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Drugs and Lactation Database (LactMed®) [Internet]. Bethesda (MD): National Institute of Child Health and Human Development; 2006-.

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Drugs and Lactation Database (LactMed®) [Internet].

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Last Revision: January 18, 2021.

Estimated reading time: 2 minutes

CASRN: 53-86-1

image 134971504 in the ncbi pubchem database

Drug Levels and Effects

Summary of Use during Lactation

Because of the low levels of indomethacin in breastmilk and therapeutic administration directly to infants, it is acceptable to use in nursing mothers. However, other agents with more published information on use during lactation may be preferable, especially while nursing a newborn or preterm infant.

Drug Levels

Maternal Levels. In one study, 15 women who were less than 1 week postpartum took indomethacin in dosages ranging from 75 mg orally to 300 mg rectally daily (0.94 to 4.29 mg/kg daily). Milk samples were taken before and after feeding at times ranging from 0.7 to 21.4 hours after the last dose. In 11 of the women, indomethacin was undetectable (<20 mcg/L) in milk. Assuming that undetectable milk levels had the concentration of the assay limit, the average dosage excreted in milk was 0.27% of maternal weight-adjusted dosage.[1] However, the excretion of the glucuronide metabolite into milk was not measured and it could be absorbed as indomethacin by a newborn.

Eight women donated milk on days 4, 12 and 26 postpartum for an in vitro measurement of protein binding and lipid partitioning of indomethacin in milk. Results were used to estimate passage into milk using physicochemical principles. The authors calculated that a breastfed infant would receive about 0.5% of the maternal weight-adjusted dosage or about 3% of the neonatal dose used to treat patent ductus arteriosus with a maternal dosage of 75 mg daily.[2] This study did not account for possible contribution to the infant's dosage by the glucuronide metabolite.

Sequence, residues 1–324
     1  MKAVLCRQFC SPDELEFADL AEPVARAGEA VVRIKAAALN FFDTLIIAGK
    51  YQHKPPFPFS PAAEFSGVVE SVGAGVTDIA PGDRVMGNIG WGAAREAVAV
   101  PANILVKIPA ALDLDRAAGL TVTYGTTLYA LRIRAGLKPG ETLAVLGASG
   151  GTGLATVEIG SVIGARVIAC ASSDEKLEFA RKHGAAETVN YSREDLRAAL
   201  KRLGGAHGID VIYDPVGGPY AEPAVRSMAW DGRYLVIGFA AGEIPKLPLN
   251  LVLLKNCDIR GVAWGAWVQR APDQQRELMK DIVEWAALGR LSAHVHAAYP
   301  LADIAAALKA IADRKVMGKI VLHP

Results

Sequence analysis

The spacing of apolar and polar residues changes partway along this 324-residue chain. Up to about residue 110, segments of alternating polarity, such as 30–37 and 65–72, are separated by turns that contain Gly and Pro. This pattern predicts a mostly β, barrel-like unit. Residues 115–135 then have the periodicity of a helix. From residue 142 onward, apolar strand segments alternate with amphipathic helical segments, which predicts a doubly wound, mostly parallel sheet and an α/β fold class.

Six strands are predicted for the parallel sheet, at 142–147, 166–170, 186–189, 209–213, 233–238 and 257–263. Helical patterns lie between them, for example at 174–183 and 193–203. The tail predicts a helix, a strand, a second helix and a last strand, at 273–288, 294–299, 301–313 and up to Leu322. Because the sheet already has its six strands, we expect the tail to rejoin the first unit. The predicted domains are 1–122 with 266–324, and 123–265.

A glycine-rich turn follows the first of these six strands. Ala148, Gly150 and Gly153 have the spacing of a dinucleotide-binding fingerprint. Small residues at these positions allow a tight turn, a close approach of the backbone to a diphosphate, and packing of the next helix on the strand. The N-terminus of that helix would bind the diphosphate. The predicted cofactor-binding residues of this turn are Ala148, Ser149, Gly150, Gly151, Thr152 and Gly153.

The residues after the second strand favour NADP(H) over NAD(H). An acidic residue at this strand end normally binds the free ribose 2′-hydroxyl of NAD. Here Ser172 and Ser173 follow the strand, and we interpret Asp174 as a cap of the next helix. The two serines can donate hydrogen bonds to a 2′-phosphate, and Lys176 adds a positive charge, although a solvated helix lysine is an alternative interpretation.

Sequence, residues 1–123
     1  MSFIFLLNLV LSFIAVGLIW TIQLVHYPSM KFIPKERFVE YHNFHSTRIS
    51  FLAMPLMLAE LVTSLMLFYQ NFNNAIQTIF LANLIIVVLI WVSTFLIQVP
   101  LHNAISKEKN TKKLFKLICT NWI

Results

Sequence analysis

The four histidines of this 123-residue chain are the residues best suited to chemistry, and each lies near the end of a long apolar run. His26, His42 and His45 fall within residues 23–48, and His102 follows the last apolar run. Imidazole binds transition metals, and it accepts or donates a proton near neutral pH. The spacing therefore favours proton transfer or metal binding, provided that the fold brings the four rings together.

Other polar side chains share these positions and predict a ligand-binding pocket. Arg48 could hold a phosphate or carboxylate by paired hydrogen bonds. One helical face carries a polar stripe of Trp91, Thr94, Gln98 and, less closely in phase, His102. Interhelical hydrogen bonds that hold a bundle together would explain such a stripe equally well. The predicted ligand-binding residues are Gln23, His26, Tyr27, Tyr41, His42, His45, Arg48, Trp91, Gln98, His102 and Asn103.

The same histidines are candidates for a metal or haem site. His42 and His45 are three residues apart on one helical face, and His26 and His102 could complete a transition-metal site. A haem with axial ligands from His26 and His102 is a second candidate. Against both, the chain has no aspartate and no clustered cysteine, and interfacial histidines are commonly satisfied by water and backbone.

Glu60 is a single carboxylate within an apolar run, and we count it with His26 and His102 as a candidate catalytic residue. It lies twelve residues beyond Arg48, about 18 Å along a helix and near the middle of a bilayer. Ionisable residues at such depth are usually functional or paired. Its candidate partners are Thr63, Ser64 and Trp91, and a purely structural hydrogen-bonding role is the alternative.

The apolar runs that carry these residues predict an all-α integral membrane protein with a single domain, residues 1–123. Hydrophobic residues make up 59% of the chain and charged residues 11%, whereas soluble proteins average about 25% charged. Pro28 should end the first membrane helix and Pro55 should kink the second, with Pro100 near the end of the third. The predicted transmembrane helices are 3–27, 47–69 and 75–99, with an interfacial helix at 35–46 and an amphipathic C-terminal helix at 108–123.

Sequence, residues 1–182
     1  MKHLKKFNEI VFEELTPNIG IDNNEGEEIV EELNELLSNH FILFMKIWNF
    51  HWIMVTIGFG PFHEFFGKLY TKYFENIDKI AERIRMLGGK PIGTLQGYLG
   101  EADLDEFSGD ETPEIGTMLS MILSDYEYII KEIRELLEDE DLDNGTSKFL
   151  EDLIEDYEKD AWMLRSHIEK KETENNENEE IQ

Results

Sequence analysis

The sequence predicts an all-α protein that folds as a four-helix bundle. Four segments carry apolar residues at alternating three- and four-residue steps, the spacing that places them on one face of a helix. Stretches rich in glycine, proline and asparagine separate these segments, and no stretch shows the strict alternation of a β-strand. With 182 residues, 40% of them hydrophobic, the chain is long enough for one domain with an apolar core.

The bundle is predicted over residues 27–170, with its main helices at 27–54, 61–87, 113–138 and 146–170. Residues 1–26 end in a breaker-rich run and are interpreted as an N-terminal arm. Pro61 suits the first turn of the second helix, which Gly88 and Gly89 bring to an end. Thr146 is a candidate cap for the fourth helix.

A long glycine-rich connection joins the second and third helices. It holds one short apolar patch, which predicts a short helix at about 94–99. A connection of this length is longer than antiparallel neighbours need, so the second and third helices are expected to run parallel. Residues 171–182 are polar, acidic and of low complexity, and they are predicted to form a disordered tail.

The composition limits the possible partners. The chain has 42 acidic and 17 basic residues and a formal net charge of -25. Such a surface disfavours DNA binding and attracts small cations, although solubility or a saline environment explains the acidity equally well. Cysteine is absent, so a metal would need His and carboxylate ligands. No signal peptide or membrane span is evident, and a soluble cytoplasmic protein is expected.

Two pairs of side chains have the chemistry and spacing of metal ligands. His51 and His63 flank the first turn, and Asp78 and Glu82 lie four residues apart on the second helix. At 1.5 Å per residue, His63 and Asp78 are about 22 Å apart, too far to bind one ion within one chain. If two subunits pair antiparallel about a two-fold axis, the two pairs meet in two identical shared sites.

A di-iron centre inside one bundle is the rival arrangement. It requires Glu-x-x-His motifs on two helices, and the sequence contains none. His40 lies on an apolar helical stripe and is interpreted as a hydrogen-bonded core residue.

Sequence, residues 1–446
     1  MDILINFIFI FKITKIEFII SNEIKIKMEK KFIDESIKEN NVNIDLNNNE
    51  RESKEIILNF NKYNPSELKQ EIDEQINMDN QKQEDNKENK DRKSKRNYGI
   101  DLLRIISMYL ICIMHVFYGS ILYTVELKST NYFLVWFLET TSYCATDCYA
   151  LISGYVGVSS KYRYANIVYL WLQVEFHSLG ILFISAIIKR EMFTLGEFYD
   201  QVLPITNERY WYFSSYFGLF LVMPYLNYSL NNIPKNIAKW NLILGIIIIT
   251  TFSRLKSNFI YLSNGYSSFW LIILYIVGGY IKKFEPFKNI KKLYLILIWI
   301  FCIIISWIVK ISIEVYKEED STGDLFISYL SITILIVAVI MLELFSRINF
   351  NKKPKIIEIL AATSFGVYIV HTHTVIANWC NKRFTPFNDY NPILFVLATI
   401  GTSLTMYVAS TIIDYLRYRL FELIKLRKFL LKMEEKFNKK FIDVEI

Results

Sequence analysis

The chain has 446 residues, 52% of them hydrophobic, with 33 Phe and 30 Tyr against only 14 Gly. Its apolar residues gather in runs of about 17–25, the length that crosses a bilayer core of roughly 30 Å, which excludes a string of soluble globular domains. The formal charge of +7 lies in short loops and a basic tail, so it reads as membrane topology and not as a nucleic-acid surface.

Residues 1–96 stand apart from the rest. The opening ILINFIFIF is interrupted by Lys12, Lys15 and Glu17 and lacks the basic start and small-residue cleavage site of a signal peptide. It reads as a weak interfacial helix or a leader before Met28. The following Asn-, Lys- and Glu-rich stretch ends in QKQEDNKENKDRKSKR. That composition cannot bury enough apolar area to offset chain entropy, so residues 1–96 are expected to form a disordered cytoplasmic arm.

Infant Levels. In 6 of 7 infants breastfed during maternal indomethacin use of 75 mg orally to 300 mg rectally daily, the drug was undetectable (<20 mcg/L) in plasma. One infant had a plasma level of 47 mcg/L at 1.2 hours after the midpoint of the breastfeed. This infant's mother was taking 2.94 mg/kg daily of indomethacin and had a milk indomethacin level of 111 mcg/L 2.3 hours after the dose.[1]

Effects in Breastfed Infants

In one case report, a breastfeeding mother had been taking daily doses of indomethacin that increased to 200 mg (3 mg/kg) from the fourth to the sixth day postpartum. On the same day that indomethacin was stopped, the infant had a generalized seizure, followed by another on the next day. No metabolic findings could account for the convulsions and no indomethacin levels were measured in the mother or infant.[3] This case was rated as indomethacin possibly causing the seizure; however later studies and the established therapeutic use of indomethacin in newborns make this causality seem unlikely.

In one study, 7 women breastfed their neonates while taking indomethacin. No adverse effects were noted in any of the infants.[1]

Effects on Lactation and Breastmilk

Relevant published information was not found as of the revision date.

Alternate Drugs to Consider

Acetaminophen, Flurbiprofen, Ibuprofen, Naproxen, Piroxicam


Lebedevs TH, Wojnar-Horton RE, Yapp P, et al. Excretion of indomethacin in breast milk. Br J Clin Pharmacol. 1991;32:751–4. [PMC free article: PMC1368557] [PubMed: 1768569]
Beaulac-Baillargeon L, Allard G. Distribution of indomethacin in human milk and estimation of its milk to plasma ratio in vitro. Br J Clin Pharmacol. 1993;36:413–6. [PMC free article: PMC1364613] [PubMed: 12959288]
Eeg-Olofsson O, Malmros I, Elwin CE, et al. Convulsions in a breast-fed infant after maternal indomethacin. Lancet 1978;312:215. Letter. PMID: 78421. [PubMed: 78421]

Substance Identification

Substance Name


CAS Registry Number


Drug Class

Breast Feeding


Analgesic Agents

Nonsteroidal Antiinflammatory Agents

Disclaimer: Information presented in this database is not meant as a substitute for professional judgment. You should consult your healthcare provider for breastfeeding advice related to your particular situation. The U.S. government does not warrant or assume any liability or responsibility for the accuracy or completeness of the information on this Site.

Copyright Notice

Attribution Statement: LactMed is a registered trademark of the U.S. Department of Health and Human Services.

Bookshelf ID: NBK500989PMID: 30000048


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